Challenges and opportunities in the evolving oil market

March 7, 2005
In the coming era of high and volatile oil prices, the major winners will be the Persian Gulf producers and providers of alternate energy supplies and conservation technologies to the developed world, particularly in the transport sector.

In the coming era of high and volatile oil prices, the major winners will be the Persian Gulf producers and providers of alternate energy supplies and conservation technologies to the developed world, particularly in the transport sector. The principle losers will be the poorer and resource-poor countries of the developing world.

The major oil companies will face an uncomfortable paradox. They will have huge cash flows but diminishing investment opportunities. They will struggle to increase reserves as their legacy assets are exhausted and opportunities dry up outside members of the Organization of Petroleum Exporting Countries. Opportunities of sufficient scale will only be available in the former Soviet Union and the Persian Gulf.

Growing nationalism in Russia will limit material opportunities in the FSU. The majors will try to engage OPEC state oil companies in strategic alliances. The objective will be to participate in the largest and, possibly the last, conventional oil boom: maintaining and raising Persian Gulf production capacity from 20 million b/d to 50 million b/d, which will require hundreds of billions of dollars. However, the Persian Gulf producers will also be cash-rich and reluctant to relinquish control and “equity” to foreign companies. The major service companies can be expected to benefit from this reluctance.

Unless they become involved in investing in OPEC’s capacity expansion over the next decades, the majors face dwindling material, profitable upstream oil ventures. They are expected increasingly to focus on capital-intensive unconventional oil, gas, and infrastructure projects, particularly tar sands, LNG, and gas-to-liquids. Further large-scale consolidation is likely.

The expansion of OPEC production from 30 million b/d to 50-65 million b/d by 2025 and a 4% decline in existing capacity suggests the addition of 40-50 million b/d of new production capacity over the next 15 years. At well rates of 2,500-5,000 b/d/well, some 10,000-20,000 new production wells will have to be drilled, together with 5,000 to 10,000 water and gas injection wells. The drilling industry and suppliers of oil field equipment will do well.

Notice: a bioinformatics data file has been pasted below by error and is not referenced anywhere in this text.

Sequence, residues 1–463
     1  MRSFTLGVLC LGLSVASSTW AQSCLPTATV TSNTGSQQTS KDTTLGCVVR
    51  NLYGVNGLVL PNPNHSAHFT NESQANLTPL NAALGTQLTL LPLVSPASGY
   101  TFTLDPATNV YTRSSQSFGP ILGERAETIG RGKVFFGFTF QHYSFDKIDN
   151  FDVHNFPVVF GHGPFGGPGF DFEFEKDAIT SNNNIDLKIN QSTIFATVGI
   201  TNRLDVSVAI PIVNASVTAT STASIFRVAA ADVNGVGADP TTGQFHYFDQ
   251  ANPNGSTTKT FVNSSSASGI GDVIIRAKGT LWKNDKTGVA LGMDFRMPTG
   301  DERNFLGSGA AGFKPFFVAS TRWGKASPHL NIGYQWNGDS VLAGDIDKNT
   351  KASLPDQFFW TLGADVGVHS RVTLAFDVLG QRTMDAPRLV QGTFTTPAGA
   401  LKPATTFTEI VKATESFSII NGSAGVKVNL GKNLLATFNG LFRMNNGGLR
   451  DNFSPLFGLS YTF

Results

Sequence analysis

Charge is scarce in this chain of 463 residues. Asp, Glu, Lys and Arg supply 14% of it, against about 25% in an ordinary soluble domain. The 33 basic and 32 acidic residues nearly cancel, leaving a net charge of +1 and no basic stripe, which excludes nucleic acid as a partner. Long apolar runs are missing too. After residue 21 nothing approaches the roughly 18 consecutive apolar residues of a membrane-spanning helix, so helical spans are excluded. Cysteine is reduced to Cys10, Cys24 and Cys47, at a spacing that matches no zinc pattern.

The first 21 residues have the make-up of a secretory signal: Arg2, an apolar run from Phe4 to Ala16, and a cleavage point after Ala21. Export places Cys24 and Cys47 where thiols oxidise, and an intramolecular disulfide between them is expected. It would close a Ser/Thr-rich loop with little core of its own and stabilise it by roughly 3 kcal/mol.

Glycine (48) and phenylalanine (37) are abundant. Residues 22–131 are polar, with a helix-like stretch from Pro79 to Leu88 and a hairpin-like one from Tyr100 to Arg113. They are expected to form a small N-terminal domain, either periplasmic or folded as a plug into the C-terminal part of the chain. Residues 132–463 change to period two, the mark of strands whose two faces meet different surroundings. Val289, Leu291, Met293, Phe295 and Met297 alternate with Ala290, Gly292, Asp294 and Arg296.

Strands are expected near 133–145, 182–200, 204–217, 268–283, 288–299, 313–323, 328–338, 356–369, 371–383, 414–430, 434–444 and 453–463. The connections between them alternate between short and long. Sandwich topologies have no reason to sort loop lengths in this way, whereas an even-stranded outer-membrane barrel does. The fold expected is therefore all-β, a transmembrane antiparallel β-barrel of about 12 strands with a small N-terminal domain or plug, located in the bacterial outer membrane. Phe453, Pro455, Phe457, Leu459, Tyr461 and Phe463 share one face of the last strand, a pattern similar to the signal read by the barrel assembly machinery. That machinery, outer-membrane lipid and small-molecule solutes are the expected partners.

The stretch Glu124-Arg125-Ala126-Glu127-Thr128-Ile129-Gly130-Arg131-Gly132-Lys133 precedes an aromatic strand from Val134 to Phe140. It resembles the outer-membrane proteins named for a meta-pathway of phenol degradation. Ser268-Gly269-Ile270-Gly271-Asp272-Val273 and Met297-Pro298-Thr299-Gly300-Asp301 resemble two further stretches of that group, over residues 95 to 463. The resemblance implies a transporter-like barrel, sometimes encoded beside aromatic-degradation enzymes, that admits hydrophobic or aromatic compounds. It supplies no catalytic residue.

Security of supply

Security of oil supply will become a strategic issue in foreign relations. The US, Western Europe, and the Far East countries have the intellectual and entrepreneurial infrastructure to harness alternative energy sources, develop conservation technologies, and invest for the future world where oil is scarce. The US is the largest consumer of oil and the most vulnerable to supply crises. However, it has the wealth and the power to ensure security of supply if necessary.

The developing world, particularly China and India, is less well placed. Both will be unhappy to see their economic growth curtailed by oil shortages. Bilateral upstream deals between state entities in China and India and their counterparties in the Persian Gulf will increase the competitive pressure on the majors for material upstream assets.

China’s demand for oil is poised to grow rapidly as car ownership and economic activity expand. If China’s oil demand growth follows the trajectory of South Korea and per capita oil consumption reaches 5 bbl/person/year by 2025, China’s additional demand for oil in 2025 could exceed 15 million b/d. The US Energy Information Administration expects US oil demand to be up by 8 million b/d by 2025. Additional oil demand from China and the US alone (about 23 million b/d by 2025) is therefore likely to exceed the additional supply predicted in this series of articles (12-26 million b/d by 2025).

Russia has enough oil reserves to ensure self-sufficiency until 2030 and will be able to reap the harvest of high oil prices without the pain of oil supply crises. Russian governments are expected to take an increasingly nationalistic view of indigenous oil companies, Russian oil reserves, and Russian oil production. Oil companies investing in Russia may find their contracts, equity positions, and agreed taxation structures under challenge.

Pearls and oil

It would seem that the oil-producing countries of the Persian Gulf have a rosy future. This may well be true for the next 2 decades. However, high and rising oil prices and the various crises in supply will stimulate the development of alternative energy sources and energy conservation technologies, policies, and strategies.

Native pearls used to provide much of the wealth of the Persian Gulf. The development of artificial pearls by the Japanese in the 1930s destroyed the pearling industry and wealth of the Persian Gulf virtually overnight. It was indeed fortunate that oil was discovered in the Persian Gulf.

Oil-rich Persian Gulf countries need to develop strategies and policies for the postoil age, which may occur before their oil reserves are fully monetized.